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capricornangel
post Jul 20 2006, 03:52 PM
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I too thought it was very well done and enjoyed it and the pics were amazing too (IMG:http://www.everlasting-star.net/boards/style_emoticons/default/clapping.gif)
although I do have to agree about the fact that some comments made were a bit mean but apart from that they still showed her the respect that she deserves unlike some of those other documentaries that exist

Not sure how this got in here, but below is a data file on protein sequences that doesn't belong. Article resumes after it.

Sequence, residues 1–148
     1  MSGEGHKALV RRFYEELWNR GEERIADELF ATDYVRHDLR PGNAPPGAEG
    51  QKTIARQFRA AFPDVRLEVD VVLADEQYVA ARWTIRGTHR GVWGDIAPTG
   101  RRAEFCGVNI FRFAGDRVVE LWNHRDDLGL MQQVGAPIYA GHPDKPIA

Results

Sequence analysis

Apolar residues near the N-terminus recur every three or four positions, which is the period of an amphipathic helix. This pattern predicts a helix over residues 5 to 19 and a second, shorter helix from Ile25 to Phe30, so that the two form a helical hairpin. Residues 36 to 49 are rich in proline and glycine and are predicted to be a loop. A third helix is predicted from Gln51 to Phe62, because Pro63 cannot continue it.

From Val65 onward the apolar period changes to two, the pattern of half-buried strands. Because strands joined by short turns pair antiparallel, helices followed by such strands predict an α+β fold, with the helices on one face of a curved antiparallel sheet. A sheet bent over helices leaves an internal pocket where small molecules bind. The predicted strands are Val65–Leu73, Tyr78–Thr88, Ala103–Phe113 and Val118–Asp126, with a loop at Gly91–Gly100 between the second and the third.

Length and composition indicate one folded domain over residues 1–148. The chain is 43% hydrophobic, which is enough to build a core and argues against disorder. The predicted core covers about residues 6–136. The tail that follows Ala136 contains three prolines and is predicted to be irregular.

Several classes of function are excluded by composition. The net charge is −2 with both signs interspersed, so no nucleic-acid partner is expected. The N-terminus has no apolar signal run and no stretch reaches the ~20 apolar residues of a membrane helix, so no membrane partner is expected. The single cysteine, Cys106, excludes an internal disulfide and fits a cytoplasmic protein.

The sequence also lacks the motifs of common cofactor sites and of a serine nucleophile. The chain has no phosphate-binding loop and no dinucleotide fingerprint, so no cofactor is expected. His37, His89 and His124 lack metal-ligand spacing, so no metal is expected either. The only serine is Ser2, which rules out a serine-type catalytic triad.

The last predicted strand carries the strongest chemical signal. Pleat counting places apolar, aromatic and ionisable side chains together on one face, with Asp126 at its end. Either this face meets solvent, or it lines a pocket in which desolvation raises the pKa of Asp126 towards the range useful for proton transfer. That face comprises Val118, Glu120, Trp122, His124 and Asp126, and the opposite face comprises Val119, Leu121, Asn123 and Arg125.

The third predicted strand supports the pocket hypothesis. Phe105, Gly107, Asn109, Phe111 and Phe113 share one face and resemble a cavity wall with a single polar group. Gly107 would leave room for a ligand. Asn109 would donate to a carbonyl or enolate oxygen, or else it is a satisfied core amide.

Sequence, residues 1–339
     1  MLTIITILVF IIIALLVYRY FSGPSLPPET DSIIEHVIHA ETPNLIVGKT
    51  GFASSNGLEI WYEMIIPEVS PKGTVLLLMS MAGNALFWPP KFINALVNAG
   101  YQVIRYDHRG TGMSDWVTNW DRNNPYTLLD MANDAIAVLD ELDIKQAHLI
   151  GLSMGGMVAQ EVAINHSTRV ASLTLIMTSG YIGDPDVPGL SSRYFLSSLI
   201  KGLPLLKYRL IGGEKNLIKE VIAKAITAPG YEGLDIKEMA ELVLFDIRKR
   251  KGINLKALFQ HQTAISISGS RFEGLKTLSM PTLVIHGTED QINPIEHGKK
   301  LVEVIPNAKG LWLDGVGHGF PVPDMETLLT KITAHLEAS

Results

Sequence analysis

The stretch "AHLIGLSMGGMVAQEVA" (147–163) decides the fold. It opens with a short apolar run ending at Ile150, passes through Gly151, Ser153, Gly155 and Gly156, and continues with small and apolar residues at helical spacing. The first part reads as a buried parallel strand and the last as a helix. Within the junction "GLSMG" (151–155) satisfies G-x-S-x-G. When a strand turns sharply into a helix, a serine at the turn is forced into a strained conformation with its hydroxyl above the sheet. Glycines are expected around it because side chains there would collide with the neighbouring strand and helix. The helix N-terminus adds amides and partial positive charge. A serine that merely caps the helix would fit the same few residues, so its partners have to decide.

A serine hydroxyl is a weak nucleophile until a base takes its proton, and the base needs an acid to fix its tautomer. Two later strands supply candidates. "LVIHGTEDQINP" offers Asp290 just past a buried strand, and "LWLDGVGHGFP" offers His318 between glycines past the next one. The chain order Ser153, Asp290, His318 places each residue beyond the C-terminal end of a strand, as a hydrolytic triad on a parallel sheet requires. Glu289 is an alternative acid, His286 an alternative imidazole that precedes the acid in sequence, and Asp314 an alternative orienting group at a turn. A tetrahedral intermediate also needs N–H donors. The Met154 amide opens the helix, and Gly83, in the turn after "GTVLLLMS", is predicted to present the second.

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Stacy
post Jul 20 2006, 08:46 PM
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I loved the fact that they had Norman Mailer reading his own quotes from his book, "Marilyn." Sad they didn't meet, as she was having a bad day. I can understand wanting to meet her when she looked better.
Loved the photos of Ben Ross. Maybe they will do a book of his photos. They are some of my favorites. Also there were some Cecil Beaton that I'd never seen before. Hopefully they will someday be in a book.
All in all I liked the show. I'm waiting til they sell the DVD on the PBS site.
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Lauren Michele
post Jul 24 2006, 05:54 AM